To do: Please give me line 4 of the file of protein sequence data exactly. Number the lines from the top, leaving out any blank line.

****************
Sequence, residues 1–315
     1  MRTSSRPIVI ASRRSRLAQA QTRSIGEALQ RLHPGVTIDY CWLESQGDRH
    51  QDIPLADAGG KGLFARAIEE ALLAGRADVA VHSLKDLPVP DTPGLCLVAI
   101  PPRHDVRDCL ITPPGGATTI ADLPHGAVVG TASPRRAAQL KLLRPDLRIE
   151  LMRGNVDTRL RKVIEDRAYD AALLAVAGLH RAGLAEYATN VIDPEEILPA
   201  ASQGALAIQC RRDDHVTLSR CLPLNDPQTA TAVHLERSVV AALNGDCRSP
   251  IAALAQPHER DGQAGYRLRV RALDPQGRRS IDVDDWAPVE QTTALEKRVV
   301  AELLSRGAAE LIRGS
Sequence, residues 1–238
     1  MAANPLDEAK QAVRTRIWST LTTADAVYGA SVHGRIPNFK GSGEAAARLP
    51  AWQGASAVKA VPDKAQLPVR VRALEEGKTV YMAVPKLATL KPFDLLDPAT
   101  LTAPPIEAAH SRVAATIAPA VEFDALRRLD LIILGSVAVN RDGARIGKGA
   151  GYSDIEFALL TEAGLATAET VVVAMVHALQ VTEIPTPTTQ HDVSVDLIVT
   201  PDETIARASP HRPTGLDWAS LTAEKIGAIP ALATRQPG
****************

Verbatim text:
   101  PPRHDVRDCL ITPPGGATTI ADLPHGAVVG TASPRRAAQL KLLRPDLRIE